Friday, January 11, 2013

Fiscal cliff actually helped Wells Fargo's loan book

You know by now the top line number from the Wells Fargo earnings report today: profits of $4.9 billion for shareholders (another record). Here are a couple other things worth noting:

Fiscal cliff actually helped the bank's loan book. All the talk last month was about uncertainty associated with the political showdown over the automatic tax increases and spending cuts. But the debate actually helped boost Wells Fargo's loan portfolio. "I would say the fiscal cliff was a net positive to loan growth," Chief Financial Officer Tim Sloan said on a call with analysts. He said some of the bank's corporate clients increased their loans, particularly at the end of December, as the specter of higher taxes in the future loomed. The bank's core commercial loan portfolio grew 3 percent from the quarter before, to $358 billion.

Real estate footprint shrinking. Wells Fargo shrunk its office holdings by 4.5 million square feet in 2012, Sloan said, as the bank continues to try to cut costs. The bank's eliminated 16 million square feet total since 2008.

More capital to shareholders requested. Sloan confirmed that Wells has asked the government for the go-ahead to distribute more capital to shareholders in 2013 than it did in 2012. He didn't give any indication on what combination of dividend increases or share buy-backs that entailed. Sloan said later on the call that the bank does want to buy back more shares in the coming years. Wells repurchased 120 million shares in 2012 and increased its dividend from 12 cents to 22 cents.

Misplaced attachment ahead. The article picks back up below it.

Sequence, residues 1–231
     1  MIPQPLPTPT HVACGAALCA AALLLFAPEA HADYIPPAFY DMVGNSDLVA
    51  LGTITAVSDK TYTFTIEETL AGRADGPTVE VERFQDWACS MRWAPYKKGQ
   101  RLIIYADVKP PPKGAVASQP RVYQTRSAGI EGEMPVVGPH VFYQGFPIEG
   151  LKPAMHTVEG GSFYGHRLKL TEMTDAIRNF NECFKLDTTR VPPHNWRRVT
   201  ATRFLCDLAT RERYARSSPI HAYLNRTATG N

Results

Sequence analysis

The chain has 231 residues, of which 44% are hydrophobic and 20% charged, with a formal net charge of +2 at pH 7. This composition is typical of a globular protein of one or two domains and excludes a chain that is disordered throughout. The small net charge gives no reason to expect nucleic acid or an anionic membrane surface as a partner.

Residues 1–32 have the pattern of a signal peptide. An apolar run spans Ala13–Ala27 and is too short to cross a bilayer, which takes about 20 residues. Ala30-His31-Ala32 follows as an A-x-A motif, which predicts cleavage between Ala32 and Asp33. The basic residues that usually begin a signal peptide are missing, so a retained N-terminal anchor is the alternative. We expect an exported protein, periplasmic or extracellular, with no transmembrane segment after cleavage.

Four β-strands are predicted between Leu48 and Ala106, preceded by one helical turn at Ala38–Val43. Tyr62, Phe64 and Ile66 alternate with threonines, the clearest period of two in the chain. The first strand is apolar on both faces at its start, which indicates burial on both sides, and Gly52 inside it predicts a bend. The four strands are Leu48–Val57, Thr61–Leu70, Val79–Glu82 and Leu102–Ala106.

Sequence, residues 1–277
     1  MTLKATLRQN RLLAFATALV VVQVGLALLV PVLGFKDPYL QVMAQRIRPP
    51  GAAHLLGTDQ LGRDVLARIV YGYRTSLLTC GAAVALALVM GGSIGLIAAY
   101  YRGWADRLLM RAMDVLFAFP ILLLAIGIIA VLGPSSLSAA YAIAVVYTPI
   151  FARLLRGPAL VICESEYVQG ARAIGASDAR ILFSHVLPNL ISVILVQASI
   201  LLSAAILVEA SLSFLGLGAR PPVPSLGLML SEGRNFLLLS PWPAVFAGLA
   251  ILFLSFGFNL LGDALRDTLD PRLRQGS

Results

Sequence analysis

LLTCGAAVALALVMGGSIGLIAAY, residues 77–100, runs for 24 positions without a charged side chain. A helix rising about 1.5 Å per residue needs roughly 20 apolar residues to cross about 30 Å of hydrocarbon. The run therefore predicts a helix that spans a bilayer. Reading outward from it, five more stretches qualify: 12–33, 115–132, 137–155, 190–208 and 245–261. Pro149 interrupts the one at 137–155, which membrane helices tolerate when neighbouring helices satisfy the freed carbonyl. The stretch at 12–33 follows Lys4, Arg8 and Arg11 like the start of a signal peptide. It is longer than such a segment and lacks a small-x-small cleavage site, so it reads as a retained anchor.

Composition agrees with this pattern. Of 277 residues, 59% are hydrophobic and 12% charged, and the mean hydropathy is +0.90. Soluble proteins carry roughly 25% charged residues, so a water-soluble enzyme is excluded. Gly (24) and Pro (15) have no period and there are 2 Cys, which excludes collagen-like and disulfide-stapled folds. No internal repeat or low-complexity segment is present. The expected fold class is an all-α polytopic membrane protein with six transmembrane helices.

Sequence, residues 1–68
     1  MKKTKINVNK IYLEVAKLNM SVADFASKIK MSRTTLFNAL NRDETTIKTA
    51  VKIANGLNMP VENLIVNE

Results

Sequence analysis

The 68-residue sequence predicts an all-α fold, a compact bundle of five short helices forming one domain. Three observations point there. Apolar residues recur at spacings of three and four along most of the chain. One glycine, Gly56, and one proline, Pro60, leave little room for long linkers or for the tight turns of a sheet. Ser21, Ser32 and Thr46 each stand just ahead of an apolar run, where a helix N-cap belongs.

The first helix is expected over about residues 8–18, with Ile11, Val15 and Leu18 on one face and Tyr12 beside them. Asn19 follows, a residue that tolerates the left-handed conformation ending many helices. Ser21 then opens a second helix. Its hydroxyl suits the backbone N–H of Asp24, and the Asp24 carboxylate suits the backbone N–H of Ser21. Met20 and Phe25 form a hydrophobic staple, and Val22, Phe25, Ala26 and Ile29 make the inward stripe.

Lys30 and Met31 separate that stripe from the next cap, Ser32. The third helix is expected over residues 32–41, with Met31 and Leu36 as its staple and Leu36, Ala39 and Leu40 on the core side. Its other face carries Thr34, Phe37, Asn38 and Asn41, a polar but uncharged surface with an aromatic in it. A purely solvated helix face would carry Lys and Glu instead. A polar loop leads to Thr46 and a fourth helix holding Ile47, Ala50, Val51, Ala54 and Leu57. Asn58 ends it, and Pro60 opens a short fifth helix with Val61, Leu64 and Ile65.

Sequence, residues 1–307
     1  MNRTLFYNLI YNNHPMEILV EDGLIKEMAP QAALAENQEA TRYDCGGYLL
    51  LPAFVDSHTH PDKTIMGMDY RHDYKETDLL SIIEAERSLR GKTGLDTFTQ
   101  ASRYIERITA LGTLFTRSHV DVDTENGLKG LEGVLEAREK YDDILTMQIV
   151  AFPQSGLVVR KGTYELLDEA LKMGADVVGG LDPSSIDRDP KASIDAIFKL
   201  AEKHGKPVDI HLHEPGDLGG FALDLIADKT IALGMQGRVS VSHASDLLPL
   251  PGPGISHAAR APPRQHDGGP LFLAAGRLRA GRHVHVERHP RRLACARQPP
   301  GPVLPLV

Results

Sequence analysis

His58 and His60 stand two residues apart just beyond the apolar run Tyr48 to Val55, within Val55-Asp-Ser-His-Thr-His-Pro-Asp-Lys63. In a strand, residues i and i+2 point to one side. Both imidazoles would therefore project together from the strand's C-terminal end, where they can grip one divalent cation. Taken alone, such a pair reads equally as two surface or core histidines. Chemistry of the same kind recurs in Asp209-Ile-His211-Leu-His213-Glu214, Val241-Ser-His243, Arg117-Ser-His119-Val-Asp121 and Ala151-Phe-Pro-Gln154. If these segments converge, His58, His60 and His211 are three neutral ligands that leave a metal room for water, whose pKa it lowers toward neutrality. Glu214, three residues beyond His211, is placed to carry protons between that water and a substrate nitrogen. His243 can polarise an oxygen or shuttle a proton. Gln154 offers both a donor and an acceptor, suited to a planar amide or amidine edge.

Are more legal settlements coming? The bank's earnings included a $644 million loss stemming from a legal settlement announced Monday on mortgage servicing. One analyst asked whether Wells expects another round of legal activity when it comes to mortgage issues. The response from CEO John Stumpf: "We put a lot of that stuff behind us. Some of that is inherent to the business; as the business gets better, I'd expect less of that but I'm pleased with how much we've gotten through." When pressed, he added this: "I can’t predict what’s all going to come up. But I’ll tell you, I'm pleased that we’re this far through.”

Changes possible at branches. Wells Fargo says it has a branch -- or store, as the bank calls it -- within two miles of half the American population. But banks like Bank of America have been trimming their networks as more activity moves online. Stumpf got a question about what Wells was planning when it comes to branches. After touting the bank's reach and saying most customers still decide on a bank based on proximity, he hinted that changes could be coming to the size of its branches and its staffing levels. "That needs to evolve and it is evolving."

Qualified mortgage rule a good step. The banking industry is still taking in the 800-page "Ability to Repay" mortgage rule issued Thursday, which seeks to prevent risky lending. While joking that he hadn't read the whole thing yet, Stumpf called the rule something that would benefit consumers. "It provides clarity and I think it's going to help more Americans get more credit," he said. "That's good for housing and good for America."